It is said that we are born alone, live alone and die alone. But it turns out that this is not really so. As we grow inside our mother’s womb, cells from our mother cross over to us via the umbilical cord, and likewise, some of our own cells make that journey in opposite direction. Research has unveiled that these are not just brief courtesy visits, but long term residences, and that these adventurous cells have the ability to take root all over the body. It is not yet clear how these foreign cells manage to outsmart the immune system and continue to grow inside their host for years – perhaps even lifelong – or what exactly they do. But there is evidence that they affect the immune system – sometimes for the worse, and sometimes for the better. Join me in my quest to better understand this intriguing phenomenon called microchimerism, and discover more about who we really are.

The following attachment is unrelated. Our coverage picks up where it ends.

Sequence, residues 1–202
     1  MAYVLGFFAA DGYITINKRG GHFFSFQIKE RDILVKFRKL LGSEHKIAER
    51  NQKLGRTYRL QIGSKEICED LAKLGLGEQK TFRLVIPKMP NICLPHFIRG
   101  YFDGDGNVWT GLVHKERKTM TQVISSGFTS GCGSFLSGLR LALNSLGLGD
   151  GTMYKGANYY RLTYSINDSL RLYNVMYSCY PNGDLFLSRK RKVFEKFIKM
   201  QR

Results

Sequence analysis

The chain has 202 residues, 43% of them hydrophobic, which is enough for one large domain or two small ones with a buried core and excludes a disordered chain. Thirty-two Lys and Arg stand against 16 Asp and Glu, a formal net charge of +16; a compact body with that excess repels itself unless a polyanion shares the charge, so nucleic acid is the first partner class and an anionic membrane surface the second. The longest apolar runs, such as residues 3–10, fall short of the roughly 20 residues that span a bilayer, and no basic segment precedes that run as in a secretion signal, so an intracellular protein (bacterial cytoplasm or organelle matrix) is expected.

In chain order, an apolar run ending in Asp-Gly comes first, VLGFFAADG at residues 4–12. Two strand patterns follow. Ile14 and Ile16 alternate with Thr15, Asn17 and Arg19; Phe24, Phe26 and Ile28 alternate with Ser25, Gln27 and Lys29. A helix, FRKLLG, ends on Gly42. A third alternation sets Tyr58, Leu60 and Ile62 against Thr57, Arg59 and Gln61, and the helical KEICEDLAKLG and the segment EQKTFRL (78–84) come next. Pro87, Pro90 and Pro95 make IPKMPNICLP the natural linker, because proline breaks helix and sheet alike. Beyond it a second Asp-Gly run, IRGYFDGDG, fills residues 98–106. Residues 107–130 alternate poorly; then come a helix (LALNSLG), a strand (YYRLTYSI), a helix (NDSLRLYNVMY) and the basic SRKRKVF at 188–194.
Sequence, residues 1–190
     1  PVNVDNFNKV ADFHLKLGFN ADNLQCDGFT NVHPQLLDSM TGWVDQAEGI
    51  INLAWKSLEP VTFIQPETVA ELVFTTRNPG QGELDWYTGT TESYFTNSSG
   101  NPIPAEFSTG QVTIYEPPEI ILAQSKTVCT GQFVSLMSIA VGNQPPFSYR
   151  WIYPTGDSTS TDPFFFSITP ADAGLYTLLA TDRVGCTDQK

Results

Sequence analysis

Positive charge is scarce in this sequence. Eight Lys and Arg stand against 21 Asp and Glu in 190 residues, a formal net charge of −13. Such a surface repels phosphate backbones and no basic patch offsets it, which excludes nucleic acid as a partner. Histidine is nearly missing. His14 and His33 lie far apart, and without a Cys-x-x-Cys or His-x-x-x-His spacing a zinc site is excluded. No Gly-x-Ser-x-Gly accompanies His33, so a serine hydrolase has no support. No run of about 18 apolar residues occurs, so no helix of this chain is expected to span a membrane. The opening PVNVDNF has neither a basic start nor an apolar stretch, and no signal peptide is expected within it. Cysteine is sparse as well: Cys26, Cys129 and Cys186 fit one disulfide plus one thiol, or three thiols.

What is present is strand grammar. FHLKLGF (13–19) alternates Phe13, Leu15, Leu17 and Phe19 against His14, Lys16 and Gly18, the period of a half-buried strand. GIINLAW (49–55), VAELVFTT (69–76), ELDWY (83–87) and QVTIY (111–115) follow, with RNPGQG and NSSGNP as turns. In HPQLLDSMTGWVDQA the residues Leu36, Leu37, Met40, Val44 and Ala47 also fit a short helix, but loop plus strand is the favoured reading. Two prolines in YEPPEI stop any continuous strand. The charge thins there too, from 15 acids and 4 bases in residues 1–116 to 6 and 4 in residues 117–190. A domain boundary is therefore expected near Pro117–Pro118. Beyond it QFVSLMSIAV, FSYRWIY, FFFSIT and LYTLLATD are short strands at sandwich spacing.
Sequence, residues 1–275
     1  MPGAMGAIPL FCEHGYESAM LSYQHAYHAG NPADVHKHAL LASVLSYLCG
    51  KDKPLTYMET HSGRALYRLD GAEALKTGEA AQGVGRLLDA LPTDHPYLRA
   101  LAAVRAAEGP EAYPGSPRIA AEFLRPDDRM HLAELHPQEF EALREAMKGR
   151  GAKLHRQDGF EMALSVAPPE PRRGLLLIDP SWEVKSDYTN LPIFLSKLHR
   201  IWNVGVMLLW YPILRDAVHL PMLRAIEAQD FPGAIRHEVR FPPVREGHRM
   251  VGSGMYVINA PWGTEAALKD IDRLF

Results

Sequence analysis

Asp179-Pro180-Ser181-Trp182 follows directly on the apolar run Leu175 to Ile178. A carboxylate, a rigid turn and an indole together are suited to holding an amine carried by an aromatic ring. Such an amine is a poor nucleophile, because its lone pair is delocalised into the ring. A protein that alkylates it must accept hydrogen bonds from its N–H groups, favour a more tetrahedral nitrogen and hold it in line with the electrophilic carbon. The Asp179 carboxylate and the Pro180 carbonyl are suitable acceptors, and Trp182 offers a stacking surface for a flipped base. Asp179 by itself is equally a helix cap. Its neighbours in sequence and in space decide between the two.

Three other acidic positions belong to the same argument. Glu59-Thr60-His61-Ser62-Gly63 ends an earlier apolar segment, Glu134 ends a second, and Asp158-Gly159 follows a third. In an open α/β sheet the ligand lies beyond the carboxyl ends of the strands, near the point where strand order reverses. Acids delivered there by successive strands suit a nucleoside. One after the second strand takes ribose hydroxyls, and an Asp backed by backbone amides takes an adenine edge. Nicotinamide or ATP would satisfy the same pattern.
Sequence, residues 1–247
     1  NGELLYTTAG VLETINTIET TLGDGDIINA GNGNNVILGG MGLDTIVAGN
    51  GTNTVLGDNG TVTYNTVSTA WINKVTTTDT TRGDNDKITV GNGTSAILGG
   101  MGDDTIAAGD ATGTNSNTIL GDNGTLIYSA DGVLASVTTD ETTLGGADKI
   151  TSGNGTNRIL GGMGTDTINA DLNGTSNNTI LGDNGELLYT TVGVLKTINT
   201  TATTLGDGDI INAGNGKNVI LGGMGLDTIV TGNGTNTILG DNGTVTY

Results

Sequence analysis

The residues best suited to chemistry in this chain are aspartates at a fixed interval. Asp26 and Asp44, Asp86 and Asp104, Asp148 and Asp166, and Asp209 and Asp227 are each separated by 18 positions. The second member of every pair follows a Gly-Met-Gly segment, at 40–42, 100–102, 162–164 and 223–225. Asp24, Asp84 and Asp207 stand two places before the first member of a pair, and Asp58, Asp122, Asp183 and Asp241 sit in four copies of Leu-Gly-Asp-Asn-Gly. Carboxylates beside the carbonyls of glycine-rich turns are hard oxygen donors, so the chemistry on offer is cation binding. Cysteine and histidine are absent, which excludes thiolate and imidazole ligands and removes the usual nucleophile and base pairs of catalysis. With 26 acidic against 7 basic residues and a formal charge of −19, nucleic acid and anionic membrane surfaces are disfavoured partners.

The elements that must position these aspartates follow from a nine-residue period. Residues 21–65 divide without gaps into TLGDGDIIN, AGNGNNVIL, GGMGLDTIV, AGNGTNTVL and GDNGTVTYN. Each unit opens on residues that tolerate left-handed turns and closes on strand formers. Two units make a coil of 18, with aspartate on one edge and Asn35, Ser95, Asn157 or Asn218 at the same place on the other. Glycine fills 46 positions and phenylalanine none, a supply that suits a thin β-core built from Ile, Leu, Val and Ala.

(Simplified scheme of maternal and fetal microchimerism. Image: Soon-ok Heijmans)